News

Leveling of Auburn's Valley 6 screens means end for 45-year-old drive-in

Last picture show: Contractors working for the Robertson Property Group removed poles that once supported speakers at the Valley 6 Drive-In Theaters. Crews were busy clearing the north Auburn site for a multi-phased development.  - Robert Whale/Auburn Reporter
Last picture show: Contractors working for the Robertson Property Group removed poles that once supported speakers at the Valley 6 Drive-In Theaters. Crews were busy clearing the north Auburn site for a multi-phased development.
— image credit: Robert Whale/Auburn Reporter

Couldn't be more official now — after 45 years in operation, it's closing time for the Valley 6 Drive-In Theaters.

Over the last week contractors working for the Robertson Property Group finished leveling the screens, leaving only remnants of metal and wood.

That and a whole lot of audio hookups on empty gravel lots, no longer pointing at anything.

"Auburn isn't going to be the same without the drive-in," one unhappy former patron wrote on a Facebook page devoted to the outdoor theaters.

"Where's the dislike and depressing button?" another added.

The Valley 6 was one of only six of its kind remaining in the state.

Calls to John Manavian, vice president of Real Estate Development for Los Angeles-based Robertson Properties Group, were not returned.

Kieth Kiehl, the heart and soul of the theaters operation, employees say, died last December.

The City Council approved an ordinance and a development agreement between the owners of the property, RPG, and the City in 2011 that allowed RPG to begin offering about 70 acres of property, including the Valley 6 and several adjacent properties at the city's north end, for office, retail and residential development.

The Auburn Gateway Project site plan included in the development agreement shows a multi-phased development of 720,000 square feet of retail, 500 residential units and/or up to 1.6 million square feet of office space. It calls as well for an extension of I Street Northeast to South 277th.

Mayor Pete Lewis put those numbers in perspective last year.

"The last time the City did something like this was the Lakeland Hills development, and this is on par with Lakeland Hills," Lewis said.

For several years, the City had negotiated with RPG on future development of the acreage, touching on preparation of an environmental impact statement, changes to the comprehensive plan and zoning code to authorize a mixed-used commercial zone, and preparation of a draft development agreement and a draft planned action ordinance.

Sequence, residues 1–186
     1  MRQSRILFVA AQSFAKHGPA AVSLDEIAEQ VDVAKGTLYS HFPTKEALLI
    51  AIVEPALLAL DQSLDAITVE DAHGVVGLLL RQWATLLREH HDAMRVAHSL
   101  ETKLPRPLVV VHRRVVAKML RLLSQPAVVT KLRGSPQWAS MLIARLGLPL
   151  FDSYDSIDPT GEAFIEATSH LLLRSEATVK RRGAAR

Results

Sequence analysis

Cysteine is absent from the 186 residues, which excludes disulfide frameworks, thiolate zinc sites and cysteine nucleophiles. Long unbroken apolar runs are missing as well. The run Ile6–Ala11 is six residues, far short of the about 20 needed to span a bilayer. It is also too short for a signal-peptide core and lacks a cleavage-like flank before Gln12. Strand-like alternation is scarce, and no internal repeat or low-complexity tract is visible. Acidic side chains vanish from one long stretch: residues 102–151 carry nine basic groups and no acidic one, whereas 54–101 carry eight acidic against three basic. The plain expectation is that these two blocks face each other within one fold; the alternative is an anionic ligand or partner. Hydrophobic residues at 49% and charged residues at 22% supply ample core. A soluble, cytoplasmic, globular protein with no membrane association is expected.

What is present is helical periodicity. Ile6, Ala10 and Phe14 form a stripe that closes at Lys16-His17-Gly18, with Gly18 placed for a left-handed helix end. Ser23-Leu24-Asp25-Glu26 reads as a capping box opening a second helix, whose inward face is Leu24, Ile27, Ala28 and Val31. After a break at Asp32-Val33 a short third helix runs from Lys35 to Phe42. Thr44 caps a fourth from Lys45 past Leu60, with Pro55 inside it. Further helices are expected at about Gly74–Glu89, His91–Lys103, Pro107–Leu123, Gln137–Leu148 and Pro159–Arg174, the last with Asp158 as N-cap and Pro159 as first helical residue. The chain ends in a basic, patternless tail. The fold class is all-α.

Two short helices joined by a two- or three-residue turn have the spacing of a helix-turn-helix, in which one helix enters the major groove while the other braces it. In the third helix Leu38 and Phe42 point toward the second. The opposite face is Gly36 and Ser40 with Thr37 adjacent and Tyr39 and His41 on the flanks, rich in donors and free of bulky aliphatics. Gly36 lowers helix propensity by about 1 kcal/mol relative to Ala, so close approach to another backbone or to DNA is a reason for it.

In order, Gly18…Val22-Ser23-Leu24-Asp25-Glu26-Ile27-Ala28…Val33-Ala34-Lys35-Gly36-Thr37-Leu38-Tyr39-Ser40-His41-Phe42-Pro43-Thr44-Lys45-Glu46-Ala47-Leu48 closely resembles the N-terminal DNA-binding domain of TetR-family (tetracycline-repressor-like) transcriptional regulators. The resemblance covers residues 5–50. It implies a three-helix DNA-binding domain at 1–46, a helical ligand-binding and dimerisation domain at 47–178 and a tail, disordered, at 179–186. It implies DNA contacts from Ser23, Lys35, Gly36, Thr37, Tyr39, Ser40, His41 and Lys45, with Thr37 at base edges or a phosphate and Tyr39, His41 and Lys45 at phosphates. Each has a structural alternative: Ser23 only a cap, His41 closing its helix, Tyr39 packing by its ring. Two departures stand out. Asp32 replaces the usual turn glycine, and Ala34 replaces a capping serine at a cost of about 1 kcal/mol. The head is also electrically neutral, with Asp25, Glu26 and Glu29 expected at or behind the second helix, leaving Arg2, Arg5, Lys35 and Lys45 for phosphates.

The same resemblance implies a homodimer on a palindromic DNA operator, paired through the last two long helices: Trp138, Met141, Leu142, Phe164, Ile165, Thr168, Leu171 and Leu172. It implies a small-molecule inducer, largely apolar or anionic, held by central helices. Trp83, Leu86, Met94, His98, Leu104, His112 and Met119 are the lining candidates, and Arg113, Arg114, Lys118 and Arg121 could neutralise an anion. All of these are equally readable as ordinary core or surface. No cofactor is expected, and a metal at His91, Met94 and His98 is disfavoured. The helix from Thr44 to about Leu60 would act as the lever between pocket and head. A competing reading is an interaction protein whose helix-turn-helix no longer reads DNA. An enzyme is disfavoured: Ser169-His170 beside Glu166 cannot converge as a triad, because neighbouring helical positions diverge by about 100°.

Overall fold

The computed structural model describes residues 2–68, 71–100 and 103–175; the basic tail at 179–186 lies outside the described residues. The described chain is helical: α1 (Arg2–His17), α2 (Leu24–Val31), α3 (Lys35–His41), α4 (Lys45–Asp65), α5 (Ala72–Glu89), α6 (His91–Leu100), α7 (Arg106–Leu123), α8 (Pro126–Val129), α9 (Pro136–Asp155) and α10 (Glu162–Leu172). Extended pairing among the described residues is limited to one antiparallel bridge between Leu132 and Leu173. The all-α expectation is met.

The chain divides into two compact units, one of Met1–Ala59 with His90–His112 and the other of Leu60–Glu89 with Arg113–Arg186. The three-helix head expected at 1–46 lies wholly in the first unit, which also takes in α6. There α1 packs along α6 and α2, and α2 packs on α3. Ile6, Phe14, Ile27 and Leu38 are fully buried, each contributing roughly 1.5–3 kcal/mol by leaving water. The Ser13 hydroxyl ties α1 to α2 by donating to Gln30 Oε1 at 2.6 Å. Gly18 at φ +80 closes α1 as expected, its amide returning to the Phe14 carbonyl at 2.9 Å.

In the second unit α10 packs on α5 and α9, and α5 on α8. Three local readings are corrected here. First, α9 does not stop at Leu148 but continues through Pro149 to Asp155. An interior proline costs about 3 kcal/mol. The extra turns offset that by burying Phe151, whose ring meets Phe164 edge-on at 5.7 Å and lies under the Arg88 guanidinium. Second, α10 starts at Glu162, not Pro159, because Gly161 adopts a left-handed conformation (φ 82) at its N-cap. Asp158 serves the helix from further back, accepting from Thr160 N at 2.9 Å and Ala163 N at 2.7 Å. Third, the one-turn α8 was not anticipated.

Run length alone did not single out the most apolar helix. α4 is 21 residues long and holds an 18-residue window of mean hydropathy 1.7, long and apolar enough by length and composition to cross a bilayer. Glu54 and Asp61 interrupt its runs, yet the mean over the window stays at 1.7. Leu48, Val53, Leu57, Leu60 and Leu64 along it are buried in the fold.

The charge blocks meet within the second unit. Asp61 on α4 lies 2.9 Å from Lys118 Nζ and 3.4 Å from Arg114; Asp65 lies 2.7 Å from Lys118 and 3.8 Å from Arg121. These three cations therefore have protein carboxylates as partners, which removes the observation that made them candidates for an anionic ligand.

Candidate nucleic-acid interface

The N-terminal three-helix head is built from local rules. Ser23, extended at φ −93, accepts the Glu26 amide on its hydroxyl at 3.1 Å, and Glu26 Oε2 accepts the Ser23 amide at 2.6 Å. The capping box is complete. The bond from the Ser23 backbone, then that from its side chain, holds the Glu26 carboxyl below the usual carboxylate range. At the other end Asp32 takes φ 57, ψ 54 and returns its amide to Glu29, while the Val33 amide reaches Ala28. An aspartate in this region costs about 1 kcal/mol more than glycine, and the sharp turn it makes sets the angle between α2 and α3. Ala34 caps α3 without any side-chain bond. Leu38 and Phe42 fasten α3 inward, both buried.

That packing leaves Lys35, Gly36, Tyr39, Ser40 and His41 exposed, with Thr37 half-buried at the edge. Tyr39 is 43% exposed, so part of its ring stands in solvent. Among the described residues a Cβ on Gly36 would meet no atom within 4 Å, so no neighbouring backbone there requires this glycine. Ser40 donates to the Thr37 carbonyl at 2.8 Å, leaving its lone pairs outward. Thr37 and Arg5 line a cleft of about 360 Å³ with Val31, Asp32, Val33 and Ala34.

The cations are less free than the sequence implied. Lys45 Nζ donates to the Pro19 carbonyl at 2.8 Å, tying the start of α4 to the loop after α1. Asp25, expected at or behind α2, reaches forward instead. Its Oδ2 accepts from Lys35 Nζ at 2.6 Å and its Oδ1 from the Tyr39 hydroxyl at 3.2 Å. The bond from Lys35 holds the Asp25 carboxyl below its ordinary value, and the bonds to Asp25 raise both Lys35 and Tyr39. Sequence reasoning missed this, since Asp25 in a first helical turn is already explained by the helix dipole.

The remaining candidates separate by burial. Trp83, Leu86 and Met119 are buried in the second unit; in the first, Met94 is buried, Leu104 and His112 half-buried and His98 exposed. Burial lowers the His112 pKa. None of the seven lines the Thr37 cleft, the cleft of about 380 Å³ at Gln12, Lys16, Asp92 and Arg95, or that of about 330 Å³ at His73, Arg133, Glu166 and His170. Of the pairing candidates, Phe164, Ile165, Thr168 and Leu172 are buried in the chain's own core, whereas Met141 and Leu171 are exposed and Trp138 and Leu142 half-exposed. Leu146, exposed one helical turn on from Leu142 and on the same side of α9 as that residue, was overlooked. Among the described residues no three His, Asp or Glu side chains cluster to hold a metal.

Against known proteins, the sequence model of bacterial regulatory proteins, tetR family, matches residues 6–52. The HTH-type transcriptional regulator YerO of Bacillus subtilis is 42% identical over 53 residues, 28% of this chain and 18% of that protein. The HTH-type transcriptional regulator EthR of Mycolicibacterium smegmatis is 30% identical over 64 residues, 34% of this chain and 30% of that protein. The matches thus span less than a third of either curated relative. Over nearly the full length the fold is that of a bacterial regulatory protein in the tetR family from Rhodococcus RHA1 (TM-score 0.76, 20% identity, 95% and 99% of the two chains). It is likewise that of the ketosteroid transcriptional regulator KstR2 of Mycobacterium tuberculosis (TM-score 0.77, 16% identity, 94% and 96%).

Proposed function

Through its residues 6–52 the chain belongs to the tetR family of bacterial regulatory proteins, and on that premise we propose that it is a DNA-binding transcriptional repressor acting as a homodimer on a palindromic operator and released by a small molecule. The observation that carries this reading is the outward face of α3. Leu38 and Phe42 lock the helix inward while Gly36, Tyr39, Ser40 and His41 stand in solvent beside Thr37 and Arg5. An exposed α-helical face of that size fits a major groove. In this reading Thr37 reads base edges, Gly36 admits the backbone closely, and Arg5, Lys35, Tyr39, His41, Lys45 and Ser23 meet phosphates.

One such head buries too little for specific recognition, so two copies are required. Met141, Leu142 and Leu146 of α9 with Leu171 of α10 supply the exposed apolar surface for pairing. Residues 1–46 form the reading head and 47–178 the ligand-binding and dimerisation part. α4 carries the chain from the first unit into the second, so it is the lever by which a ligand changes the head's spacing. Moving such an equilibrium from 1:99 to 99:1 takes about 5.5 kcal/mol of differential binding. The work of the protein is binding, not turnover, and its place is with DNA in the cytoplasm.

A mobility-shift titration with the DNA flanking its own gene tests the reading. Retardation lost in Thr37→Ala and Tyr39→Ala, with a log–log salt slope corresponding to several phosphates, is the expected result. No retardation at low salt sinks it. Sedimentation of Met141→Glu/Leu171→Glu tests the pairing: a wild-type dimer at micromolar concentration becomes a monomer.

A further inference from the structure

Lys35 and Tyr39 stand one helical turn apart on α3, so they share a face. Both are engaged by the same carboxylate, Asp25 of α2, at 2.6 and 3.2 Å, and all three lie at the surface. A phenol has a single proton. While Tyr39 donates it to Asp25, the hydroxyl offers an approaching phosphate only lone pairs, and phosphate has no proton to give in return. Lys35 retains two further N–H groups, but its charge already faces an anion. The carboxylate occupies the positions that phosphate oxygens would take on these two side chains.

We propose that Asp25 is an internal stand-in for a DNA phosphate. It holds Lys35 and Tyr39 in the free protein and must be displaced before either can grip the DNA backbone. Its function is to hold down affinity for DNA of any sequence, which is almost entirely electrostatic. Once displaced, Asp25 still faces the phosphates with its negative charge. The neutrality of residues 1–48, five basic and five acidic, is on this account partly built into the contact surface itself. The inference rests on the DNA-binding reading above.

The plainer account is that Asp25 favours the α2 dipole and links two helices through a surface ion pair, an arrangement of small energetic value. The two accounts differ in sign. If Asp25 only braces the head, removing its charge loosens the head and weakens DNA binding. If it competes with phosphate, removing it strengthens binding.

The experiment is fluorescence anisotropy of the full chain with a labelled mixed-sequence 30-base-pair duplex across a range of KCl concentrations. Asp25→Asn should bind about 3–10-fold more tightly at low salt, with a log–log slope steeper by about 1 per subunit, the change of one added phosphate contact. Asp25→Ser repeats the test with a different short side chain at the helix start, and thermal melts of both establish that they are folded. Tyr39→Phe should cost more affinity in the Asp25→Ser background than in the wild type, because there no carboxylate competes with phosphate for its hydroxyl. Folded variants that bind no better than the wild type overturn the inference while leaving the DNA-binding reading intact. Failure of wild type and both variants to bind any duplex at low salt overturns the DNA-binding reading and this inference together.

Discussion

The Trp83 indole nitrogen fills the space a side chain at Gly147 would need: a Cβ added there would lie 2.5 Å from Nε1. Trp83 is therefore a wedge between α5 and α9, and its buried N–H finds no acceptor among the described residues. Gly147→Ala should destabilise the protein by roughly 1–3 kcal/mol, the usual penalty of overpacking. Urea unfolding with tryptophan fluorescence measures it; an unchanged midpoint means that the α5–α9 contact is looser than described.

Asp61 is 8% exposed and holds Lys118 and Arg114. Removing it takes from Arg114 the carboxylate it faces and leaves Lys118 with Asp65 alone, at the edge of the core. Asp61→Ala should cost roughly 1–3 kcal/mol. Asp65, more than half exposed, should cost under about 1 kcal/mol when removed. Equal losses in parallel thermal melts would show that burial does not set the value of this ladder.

In the development agreement, which lays out development guidelines, the RPG agreed that the layout and uses of the Auburn Gateway Project would follow these strictures:

• Other than common areas, parking and access, no multiple family residential uses will be allowed on the ground floor of any building but only in upper stories of multi-story buildings.

• It shall contain more full-service, sit-down restaurants than fast food, including drive-thru restaurants

• Gas stations and car repair service and parts business will only be built as part of a larger retail operation.

When the original owners of the property sold to RPG a decade ago, they made clear that their decision was all about the sagging business for the outdoor theaters.

We encourage an open exchange of ideas on this story's topic, but we ask you to follow our guidelines for respecting community standards. Personal attacks, inappropriate language, and off-topic comments may be removed, and comment privileges revoked, per our Terms of Use. Please see our FAQ if you have questions or concerns about using Facebook to comment.

Read the latest Green Edition

Browse the print edition page by page, including stories and ads.

Jul 25 edition online now. Browse the archives.